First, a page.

Keywords: Connectivity ; Grid-Scale Modeling ; Runoff ; Upscaling ; Depression Storage ; Surface Detention ; Geography
    ISSN: 0022-1694
    E-ISSN: 1879-2707
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  • 5
    Language: English
    In: Plant and Soil, 2011, Vol.341(1), pp.233-256
    Description: The estimation of root water uptake and water flow in plants is crucial to quantify transpiration and hence the water exchange between land surface and atmosphere. In particular the soil water extraction by plant roots which provides the water supply of plants is a highly dynamic and non-linear process interacting with soil transport processes that are mainly determined by the natural soil variability at different scales. To better consider this root-soil interaction we extended and further developed a finite element tree hydro-dynamics model based on the one-dimensional (1D) porous media equation. This is achieved by including in addition to the explicit three-dimensional (3D) architectural representation of the tree crown a corresponding 3D characterisation of the root system. This 1D xylem water flow model was then coupled to a soil water flow model derived also from the 1D porous media equation. We apply the new model to conduct sensitivity analysis of root water uptake and transpiration dynamics and compare the results to simulation results obtained by using a 3D model of soil water flow and root water uptake. Based on data from lysimeter experiments with young European beech trees ( Fagus silvatica L.) is shown, that the model is able to correctly describe transpiration and soil water flow. In conclusion, compared to a fully 3D model the 1D porous media approach provides a computationally efficient alternative, able to reproduce the main mechanisms of plant hydro-dynamics including root water uptake from soil.
    Keywords: Transpiration ; Plant hydro-dynamics model ; Root water uptake ; European beech ; Porous media equation
    ISSN: 0032-079X
    E-ISSN: 1573-5036
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  • 6
    Language: English
    In: Plant and Soil, 2014, Vol.384(1), pp.93-112
    Description: Aims A simulation model to demonstrate that soil water potential can regulate transpiration, by influencing leaf water potential and/or inducing root production of chemical signals that are transported to the leaves. Methods Signalling impacts on the relationship between soil water potential and transpiration were simulated by coupling a 3D model for water flow in soil, into and through roots (Javaux et al. 2008) with a model for xylem transport of chemicals (produced as a function of local root water potential). Stomatal conductance was regulated by simulated leaf water potential (H) and/or foliar chemical signal concentrations (C; H+C). Split-root experiments were simulated by varying transpiration demands and irrigation placement. Results While regulation of stomatal conductance by chemical transport was unstable and oscillatory, simulated transpiration over time and root water uptake from the two soil compartments were similar for both H and H+C regulation. Increased stomatal sensitivity more strongly decreased transpiration, and decreased threshold root water potential (below which a chemical signal is produced) delayed transpiration reduction. Conclusions Although simulations with H+C regulation qualitatively reproduced transpiration of plants exposed to partial rootzone drying (PRD), long-term effects seemed negligible. Moreover, most transpiration responses to PRD could be explained by hydraulic signalling alone. Keywords Soil-root modeling * R-SWMS * Hormonal Signaling * Stomatal conductance * Partial rootzone drying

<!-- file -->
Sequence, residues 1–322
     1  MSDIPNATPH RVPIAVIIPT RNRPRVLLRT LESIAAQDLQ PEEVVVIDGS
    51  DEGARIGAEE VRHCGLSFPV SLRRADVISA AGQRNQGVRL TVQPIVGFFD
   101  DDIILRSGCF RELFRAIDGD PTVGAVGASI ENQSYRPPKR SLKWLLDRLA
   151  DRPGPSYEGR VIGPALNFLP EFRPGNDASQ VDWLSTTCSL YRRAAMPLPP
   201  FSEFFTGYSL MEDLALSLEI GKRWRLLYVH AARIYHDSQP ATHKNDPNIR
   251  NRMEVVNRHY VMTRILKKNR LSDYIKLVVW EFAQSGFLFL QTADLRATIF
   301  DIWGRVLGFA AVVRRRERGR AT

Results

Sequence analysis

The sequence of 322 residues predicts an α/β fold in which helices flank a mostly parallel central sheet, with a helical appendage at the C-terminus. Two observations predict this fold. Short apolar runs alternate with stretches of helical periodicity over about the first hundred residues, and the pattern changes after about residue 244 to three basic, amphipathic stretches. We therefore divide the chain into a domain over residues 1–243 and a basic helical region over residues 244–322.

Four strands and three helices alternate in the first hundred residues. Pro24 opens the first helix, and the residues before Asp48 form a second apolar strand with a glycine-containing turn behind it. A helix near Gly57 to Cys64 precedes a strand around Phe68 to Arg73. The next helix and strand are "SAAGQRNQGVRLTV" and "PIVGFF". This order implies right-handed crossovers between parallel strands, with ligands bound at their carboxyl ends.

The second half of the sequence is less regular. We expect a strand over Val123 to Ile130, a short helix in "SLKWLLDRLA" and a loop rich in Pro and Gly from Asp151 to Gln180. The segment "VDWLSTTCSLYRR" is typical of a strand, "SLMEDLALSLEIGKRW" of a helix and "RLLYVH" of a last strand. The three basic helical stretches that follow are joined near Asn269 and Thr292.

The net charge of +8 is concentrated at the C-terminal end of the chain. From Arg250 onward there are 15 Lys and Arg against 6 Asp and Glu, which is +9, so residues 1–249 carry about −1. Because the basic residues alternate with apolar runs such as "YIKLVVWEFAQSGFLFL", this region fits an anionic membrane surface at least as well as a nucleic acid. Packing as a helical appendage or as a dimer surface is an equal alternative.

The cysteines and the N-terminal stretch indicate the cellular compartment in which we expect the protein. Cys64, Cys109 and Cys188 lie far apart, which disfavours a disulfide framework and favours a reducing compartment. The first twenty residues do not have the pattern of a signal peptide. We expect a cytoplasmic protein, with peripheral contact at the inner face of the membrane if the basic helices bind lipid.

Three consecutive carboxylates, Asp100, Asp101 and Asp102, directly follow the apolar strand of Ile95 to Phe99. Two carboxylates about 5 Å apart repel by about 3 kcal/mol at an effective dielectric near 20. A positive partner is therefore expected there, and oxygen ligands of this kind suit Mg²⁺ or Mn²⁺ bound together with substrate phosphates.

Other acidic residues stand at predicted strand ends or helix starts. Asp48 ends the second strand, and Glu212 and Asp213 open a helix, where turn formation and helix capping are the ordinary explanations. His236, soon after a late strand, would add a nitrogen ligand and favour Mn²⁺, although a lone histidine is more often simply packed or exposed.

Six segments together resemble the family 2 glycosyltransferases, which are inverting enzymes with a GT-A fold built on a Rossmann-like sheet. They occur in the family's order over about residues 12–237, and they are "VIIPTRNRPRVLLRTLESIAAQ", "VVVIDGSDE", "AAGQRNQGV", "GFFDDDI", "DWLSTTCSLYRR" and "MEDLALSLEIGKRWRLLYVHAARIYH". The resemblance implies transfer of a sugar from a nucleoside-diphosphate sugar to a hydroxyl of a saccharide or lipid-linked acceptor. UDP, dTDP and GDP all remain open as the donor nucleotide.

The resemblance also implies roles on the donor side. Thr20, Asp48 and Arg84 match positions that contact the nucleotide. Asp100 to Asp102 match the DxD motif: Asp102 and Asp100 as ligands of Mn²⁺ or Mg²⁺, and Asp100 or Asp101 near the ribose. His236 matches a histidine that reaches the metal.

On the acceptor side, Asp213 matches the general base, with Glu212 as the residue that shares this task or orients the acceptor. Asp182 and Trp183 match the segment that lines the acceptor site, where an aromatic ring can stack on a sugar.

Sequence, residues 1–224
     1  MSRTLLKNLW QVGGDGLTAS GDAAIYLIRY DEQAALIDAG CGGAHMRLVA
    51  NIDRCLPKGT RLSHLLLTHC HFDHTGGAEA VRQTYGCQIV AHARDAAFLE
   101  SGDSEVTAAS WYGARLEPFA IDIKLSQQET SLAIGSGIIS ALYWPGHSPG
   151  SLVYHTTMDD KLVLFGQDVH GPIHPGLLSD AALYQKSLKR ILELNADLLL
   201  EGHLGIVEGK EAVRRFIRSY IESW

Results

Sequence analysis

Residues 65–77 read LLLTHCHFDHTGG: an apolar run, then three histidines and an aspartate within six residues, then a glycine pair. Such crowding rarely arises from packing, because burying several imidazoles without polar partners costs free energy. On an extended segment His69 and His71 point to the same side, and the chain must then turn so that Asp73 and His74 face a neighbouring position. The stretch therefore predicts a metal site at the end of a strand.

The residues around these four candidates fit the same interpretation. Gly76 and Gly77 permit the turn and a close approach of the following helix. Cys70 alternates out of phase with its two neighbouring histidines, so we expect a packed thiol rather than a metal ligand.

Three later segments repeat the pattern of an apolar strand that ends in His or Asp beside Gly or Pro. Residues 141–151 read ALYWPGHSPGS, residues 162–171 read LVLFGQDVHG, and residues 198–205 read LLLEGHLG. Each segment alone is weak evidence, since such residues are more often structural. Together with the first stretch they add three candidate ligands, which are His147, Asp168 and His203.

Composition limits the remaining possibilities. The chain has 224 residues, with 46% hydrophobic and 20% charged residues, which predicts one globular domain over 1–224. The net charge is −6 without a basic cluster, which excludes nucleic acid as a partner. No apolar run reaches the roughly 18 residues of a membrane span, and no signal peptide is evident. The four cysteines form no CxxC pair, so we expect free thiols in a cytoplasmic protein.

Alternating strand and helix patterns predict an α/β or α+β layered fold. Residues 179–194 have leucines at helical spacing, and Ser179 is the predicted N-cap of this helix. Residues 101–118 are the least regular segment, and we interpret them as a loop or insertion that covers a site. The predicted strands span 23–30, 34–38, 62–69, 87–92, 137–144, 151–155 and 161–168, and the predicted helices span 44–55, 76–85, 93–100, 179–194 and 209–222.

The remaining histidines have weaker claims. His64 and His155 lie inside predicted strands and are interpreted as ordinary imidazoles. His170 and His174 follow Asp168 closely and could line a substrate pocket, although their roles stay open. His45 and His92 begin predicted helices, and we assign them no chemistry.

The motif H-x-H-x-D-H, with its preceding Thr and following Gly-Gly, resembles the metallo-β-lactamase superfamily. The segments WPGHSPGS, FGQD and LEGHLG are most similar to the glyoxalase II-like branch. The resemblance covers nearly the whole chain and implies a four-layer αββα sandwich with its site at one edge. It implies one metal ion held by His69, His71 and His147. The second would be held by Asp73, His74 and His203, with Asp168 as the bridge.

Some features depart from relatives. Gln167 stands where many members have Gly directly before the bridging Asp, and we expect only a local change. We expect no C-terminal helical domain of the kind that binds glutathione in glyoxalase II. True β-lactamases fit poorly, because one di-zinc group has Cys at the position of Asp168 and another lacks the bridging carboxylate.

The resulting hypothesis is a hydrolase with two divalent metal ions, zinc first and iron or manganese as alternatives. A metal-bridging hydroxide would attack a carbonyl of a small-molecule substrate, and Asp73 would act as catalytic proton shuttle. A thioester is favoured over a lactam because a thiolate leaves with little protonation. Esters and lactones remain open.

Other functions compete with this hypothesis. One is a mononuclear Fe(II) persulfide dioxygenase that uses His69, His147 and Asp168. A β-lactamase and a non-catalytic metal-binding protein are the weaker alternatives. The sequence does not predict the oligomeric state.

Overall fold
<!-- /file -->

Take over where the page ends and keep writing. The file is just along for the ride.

Keywords: Soil-root modelling ; R-SWMS ; Hormonal signalling ; Stomatal conductance ; Partial rootzone drying
    ISSN: 0032-079X
    E-ISSN: 1573-5036
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  • 7
    Language: English
    In: Journal of Hydrology, September 2015, Vol.528, pp.192-205